Ranking Every WrestleMania Retirement From Worst To Best
From the Boneyard to Baron, WrestleMania history is filled with iconic retirements.
In the wacky world of professional wrestling, there is no better way to go out than on the grandest stage of them all. Of course, the word ‘retirement’ is meaningless in pro wrestling so take all of this with a pinch of salt, but bowing out with a loss at the Showcase of the Immortals is the perfect way to depart.
Some of the biggest names in pro wrestling history have done just that, at least in a wrestling sense. As WWE has become more and more obsessed and addicted to its own past, more big names creep out of retirement for one last dance at WrestleMania. As such, this list is a who’s who of first-ballot Hall of Famers.
In terms of match quality, everything from iconic to Baron Corbin awaits. Wrestling is an incredibly physical expression of art, but Father Time has no interest in such things, he is only here for physical deterioration embellished by aches and pains. In some of these classic matches, the physical limitations added to the story. In others, they were a stark reminder of what used to be.
Not that it matters. Retiring at WrestleMania is the ultimate way for a career to end, after all.
9. John 'Bradshaw' Layfield - WrestleMania XXV
On a list of epic WrestleMania moments, adding this one seems like a joke. After his Intercontinental Championship to Rey Mysterio in 22 seconds at WrestleMania 25, John ‘Bradshaw’ Layfield threw a hissy fit and told the 72,744 in attendance that he quit. There was an initial response of shock before everyone sort of realised what was going on and returned to whatever they were doing beforehand. Despite whispers of impending retirement, JBL’s swansong still felt thrown together.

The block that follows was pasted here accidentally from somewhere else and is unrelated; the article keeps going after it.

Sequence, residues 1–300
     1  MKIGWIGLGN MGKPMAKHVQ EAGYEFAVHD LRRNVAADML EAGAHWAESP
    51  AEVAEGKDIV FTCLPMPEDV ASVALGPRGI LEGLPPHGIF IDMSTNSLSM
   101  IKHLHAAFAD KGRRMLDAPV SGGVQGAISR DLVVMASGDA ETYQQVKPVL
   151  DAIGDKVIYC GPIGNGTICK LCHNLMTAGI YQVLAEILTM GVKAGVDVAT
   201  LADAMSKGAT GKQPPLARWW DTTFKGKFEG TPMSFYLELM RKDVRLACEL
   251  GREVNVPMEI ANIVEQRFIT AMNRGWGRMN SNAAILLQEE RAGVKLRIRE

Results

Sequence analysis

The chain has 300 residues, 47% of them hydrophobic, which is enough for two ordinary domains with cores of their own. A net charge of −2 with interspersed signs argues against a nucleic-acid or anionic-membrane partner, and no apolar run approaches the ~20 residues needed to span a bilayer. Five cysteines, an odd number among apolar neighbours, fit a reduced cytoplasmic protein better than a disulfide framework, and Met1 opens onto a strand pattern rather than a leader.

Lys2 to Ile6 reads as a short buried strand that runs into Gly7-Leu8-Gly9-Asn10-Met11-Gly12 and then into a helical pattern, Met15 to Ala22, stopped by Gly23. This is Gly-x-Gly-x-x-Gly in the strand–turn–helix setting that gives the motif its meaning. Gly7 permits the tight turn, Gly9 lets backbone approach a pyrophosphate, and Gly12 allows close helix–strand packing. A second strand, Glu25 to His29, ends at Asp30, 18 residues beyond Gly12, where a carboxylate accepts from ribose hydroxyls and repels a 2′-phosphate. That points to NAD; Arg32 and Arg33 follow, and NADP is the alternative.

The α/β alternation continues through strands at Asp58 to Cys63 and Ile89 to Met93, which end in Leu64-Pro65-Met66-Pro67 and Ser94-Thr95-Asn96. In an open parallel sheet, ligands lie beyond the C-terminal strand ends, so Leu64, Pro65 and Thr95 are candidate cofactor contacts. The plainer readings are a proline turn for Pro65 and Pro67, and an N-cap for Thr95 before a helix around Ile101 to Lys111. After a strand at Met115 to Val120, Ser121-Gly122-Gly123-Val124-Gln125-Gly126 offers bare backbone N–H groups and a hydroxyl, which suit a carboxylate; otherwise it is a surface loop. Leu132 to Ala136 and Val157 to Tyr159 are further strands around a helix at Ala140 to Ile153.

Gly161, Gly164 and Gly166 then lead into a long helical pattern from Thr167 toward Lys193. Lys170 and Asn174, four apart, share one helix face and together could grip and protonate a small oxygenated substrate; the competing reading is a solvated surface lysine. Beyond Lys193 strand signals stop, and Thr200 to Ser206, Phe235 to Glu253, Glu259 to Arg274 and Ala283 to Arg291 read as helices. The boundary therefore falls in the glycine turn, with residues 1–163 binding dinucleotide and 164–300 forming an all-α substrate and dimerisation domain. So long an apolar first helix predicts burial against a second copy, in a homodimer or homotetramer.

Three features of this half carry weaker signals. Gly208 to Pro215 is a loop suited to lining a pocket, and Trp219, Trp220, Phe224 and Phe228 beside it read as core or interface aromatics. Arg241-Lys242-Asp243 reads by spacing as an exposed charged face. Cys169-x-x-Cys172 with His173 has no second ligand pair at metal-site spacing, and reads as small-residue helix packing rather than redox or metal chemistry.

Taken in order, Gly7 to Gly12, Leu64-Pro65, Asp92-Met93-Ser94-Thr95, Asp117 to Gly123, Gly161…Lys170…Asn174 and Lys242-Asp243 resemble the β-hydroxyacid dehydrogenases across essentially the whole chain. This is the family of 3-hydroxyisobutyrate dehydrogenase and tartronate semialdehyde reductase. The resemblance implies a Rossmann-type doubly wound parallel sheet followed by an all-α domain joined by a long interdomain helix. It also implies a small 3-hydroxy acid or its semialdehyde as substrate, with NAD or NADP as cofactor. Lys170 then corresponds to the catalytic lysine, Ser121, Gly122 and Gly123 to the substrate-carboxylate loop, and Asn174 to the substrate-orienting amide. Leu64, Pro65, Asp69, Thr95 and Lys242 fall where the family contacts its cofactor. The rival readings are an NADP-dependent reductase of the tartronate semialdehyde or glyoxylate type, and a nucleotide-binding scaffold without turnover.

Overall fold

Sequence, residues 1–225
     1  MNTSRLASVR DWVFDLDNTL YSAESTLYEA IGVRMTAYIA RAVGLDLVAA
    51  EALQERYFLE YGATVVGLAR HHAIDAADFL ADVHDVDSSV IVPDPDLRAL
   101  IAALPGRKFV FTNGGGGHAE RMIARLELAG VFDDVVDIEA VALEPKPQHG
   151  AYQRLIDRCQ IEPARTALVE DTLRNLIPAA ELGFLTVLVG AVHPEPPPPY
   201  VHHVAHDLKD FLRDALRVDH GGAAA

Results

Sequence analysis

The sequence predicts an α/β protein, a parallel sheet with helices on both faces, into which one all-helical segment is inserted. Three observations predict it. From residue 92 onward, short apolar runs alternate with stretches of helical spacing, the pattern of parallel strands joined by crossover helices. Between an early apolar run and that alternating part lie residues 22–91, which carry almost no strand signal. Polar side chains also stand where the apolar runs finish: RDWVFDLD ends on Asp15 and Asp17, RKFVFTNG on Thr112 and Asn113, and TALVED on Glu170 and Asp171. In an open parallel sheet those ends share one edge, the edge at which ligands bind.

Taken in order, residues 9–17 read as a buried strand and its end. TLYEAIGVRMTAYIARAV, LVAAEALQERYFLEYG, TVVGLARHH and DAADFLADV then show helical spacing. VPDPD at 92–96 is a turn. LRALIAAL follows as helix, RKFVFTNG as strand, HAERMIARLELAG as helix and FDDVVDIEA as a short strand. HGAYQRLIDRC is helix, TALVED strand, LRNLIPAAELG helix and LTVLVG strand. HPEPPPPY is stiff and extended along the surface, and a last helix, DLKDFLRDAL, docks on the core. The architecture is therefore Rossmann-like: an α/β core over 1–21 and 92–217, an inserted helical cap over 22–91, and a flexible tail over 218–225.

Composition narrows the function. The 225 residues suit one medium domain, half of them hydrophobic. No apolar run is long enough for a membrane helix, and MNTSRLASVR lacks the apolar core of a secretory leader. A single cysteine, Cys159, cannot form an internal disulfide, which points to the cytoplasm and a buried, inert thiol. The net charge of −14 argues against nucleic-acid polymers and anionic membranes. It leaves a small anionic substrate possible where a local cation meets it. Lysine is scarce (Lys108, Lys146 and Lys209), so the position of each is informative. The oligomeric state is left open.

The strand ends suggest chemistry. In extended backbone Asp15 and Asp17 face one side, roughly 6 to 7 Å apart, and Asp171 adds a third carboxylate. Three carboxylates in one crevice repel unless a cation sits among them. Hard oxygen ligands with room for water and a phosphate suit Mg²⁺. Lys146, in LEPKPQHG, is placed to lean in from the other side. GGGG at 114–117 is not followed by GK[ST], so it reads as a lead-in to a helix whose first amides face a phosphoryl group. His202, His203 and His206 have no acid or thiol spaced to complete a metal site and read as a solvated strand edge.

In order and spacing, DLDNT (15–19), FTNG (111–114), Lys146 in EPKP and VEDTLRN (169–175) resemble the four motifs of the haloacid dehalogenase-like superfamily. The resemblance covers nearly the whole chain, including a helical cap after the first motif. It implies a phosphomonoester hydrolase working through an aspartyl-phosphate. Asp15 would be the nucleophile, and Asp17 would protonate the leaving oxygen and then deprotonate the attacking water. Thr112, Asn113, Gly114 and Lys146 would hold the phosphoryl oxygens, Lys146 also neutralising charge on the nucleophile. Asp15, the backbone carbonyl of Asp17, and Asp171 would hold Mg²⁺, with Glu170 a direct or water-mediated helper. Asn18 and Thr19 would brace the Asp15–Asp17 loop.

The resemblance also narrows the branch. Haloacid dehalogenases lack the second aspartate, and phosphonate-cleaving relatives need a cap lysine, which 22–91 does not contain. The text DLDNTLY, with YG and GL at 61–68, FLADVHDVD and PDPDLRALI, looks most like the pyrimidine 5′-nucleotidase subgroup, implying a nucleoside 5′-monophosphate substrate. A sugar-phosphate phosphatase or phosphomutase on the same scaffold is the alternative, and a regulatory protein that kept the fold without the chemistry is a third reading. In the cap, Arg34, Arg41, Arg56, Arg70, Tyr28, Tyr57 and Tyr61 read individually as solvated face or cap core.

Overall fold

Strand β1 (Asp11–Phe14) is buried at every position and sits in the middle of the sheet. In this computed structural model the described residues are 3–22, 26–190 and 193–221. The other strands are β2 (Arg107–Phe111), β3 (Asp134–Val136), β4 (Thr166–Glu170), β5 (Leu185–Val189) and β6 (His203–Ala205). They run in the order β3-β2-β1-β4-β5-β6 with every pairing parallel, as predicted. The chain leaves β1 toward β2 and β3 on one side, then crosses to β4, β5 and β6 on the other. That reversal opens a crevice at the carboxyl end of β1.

Truth be told, JBL ended up as something of a pro wrestler overachiever. Justin ‘Hawk’ Bradshaw, The New Blackjacks and Acolyte Bradshaw (initially) all fell somewhat short before he found comfort as a beer-drinking compadre of Ron Simmons, as the Acolytes found their stride as the APA. Bradshaw found his groove as a tag team wrestler, a role he seemed set to play for the rest of his career.
Somehow, from there came a World Heavyweight Champion, United States Champion and Intercontinental Champion, a main event character who helped propel John Cena into the stratosphere and solidified a new generation of top stars. JBL overachieved (and then some), but his WrestleMania retirement seemed more in step with the underwhelming first half of his career.